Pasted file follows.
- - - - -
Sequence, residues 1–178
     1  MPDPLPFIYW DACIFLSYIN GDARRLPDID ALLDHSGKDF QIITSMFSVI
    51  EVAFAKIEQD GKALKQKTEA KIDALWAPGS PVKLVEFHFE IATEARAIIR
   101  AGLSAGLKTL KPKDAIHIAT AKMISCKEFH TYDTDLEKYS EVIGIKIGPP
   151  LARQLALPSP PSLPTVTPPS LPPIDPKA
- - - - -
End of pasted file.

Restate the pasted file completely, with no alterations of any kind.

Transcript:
Sequence, residues 1–178
     1  MPDPLPFIYW DACIFLSYIN GDARRLPDID ALLDHSGKDF QIITSMFSVI
    51  EVAFAKIEQD GKALKQKTEA KIDALWAPGS PVKLVEFHFE IATEARAIIR
   101  AGLSAGLKTL KPKDAIHIAT AKMISCKEFH TYDTDLEKYS EVIGIKIGPP
   151  LARQLALPSP PSLPTVTPPS LPPIDPKA